Old 03-06-2009, 02:39 AM
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I have some old Federal LP primers. I never saw a container like they are packaged in so I scanned the top and bottom of a pack and e-mailed it to Federal. Their reply to me was that they were in the neighborhood of 45 years old. The still work just fine. I also have a bunch of old CCI SP primers that came from the same place that are most probably the same age.....
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  #14  
Old 03-06-2009, 10:00 AM
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It sounds like most of your experience is that same as mine.

I've got 22lr ammo from the 50s that still has low standard deviation and velocity right up with current ammo.

I'm using Frankfort Arsinal 1943(?) primers for my BP loads, as my father got them through the CCP back in the 50s as surplus and passed them on to me.

I also have primers in the old cardboard "matchbox" with wooden trays that seem to be fine and are probably from the 50s.

On the other hand I have 1917 7mm Mauser ammo that is unreliable. Some fire, some don't. Storage conditions are unknown.

I've got over a hundred rounds of 1888 Frankfort Arsinal 45-70-500 that I have tried firing 20 rounds of, with no luck on any of them. Storage conditions also unknown, with all of the boxes deteriorating badly.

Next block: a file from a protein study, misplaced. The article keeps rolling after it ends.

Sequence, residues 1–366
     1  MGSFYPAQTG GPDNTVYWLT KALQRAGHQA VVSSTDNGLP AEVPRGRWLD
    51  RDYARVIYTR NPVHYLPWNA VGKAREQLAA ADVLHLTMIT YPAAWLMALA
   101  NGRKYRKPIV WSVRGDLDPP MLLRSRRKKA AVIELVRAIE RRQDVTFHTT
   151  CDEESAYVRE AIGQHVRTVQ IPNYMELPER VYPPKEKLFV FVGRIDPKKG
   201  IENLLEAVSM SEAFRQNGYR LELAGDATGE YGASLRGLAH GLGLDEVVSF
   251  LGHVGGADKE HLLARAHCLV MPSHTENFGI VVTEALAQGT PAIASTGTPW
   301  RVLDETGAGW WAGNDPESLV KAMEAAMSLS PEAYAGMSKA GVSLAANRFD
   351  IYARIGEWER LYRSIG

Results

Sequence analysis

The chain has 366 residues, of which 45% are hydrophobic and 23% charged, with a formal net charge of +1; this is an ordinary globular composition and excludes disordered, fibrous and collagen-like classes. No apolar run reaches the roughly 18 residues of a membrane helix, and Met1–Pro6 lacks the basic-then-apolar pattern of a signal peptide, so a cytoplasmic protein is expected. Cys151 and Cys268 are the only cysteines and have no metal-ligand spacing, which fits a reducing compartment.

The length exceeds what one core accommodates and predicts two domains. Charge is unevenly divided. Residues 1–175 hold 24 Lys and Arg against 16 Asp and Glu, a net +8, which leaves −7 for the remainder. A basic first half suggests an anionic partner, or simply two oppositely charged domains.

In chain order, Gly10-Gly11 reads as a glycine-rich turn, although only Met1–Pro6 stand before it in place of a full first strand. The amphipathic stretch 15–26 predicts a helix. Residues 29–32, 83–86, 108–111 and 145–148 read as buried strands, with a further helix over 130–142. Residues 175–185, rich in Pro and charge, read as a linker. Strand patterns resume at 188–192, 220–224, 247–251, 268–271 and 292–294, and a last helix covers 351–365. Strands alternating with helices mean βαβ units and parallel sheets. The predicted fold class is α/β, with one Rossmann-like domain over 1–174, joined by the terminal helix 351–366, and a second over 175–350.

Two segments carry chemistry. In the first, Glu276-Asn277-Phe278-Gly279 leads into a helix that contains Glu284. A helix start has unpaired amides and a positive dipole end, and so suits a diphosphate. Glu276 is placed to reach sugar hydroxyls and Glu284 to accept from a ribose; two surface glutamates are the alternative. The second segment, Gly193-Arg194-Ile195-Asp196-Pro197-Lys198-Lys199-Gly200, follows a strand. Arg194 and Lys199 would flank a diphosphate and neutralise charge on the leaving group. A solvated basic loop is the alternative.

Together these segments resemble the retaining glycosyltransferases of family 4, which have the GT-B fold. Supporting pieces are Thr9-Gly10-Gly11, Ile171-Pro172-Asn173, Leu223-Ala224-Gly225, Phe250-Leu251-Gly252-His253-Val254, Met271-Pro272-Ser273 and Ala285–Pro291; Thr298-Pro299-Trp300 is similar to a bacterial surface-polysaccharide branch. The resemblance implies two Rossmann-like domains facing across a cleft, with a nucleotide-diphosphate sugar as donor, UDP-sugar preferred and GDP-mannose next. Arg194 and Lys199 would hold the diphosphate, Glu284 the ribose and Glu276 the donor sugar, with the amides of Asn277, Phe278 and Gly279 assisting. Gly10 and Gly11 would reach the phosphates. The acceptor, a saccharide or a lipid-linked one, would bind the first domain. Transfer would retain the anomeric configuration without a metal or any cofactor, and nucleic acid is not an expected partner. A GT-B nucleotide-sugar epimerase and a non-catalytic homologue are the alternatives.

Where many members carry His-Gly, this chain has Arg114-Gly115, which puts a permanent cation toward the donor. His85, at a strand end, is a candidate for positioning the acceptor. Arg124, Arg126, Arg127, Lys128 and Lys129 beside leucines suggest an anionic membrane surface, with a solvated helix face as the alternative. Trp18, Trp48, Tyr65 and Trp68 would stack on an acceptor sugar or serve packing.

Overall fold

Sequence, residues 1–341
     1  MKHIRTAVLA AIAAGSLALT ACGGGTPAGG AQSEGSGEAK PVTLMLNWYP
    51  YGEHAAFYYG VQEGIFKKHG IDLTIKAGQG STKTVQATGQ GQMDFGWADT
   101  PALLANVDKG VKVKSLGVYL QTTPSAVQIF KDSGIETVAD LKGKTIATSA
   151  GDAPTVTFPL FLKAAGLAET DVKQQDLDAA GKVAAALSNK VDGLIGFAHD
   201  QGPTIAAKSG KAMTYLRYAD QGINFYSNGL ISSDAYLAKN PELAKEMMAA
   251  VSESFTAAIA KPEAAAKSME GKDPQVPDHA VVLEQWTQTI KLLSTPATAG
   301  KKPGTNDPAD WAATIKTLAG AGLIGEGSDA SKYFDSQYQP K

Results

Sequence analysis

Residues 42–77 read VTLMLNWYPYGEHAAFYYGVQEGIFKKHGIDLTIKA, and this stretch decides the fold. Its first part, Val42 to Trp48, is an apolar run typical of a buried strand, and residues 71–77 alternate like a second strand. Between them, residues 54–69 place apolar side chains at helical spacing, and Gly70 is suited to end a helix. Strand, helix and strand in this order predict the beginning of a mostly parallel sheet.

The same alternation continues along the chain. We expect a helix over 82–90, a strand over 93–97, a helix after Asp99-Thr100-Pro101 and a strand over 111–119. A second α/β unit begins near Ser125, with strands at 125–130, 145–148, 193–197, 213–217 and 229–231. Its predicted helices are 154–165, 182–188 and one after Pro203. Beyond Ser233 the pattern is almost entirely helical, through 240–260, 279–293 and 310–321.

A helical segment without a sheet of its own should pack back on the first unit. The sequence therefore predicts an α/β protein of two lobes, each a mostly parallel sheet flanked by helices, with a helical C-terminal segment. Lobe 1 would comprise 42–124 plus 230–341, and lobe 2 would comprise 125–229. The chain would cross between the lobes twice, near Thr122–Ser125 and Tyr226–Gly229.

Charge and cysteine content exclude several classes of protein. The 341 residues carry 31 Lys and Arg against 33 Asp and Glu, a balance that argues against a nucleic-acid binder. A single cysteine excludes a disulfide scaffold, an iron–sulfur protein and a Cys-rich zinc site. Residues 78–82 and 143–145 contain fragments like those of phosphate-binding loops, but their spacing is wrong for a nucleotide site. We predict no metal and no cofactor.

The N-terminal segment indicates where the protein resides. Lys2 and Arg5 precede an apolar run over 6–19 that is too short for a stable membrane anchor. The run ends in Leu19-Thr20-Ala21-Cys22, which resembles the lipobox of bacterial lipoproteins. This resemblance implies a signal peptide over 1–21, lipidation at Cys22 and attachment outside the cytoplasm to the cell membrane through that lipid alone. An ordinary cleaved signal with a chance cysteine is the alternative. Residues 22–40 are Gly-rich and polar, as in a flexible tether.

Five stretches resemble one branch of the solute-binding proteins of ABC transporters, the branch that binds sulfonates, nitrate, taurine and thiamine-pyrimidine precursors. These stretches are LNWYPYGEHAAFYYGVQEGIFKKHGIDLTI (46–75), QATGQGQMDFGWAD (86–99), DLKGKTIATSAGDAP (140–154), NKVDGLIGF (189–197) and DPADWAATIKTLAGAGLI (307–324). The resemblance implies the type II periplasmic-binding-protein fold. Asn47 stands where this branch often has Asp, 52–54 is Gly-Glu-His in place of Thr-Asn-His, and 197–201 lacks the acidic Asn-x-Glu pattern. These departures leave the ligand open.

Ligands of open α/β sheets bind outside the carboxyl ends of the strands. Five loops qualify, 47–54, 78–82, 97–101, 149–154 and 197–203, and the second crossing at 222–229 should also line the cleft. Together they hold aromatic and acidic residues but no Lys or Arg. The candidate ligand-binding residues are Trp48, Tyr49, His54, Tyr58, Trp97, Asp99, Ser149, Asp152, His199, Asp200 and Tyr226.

Steven
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Old 03-06-2009, 08:06 PM
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-I've got some CCI SP primers from the 60's that were given to me. They were stored in a damp garage. Mostly they still fire, but the rusty ones mostly don't.

Keep 'em cool & dry & you'll be OK.

.
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  #16  
Old 03-06-2009, 08:24 PM
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Quote:
Originally Posted by mattsbox99 View Post
I read an interesting article in the latest issue of Front Sight about primers. They are actually okay even if they get wet, as long as you let them dry thoroughly before trying to use them. This is an article written by a former engineer at CCI.
Ha! What the heck do a buncha injuneers know! Me and the boys at the local gun store know for a fact that primers don't last but a couple of years. And wet primers sprout explosive toadstools! HA!

( Just joining the current trend of know-it-alls out there that discount reloading data gathered with scientific instruments, spurn the findings of people who have degrees in chemical engineering or physics, or claim that "loadbook lawyers" rule like kings over munitions factories ... )
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  #17  
Old 03-08-2009, 02:09 PM
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Quote:
Originally Posted by gmd3006 View Post
. . .Mostly they still fire, but the rusty ones mostly don't. . .
Rusty? Could you elaborate on that?
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  #18  
Old 03-10-2009, 07:25 PM
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Originally Posted by unclenick View Post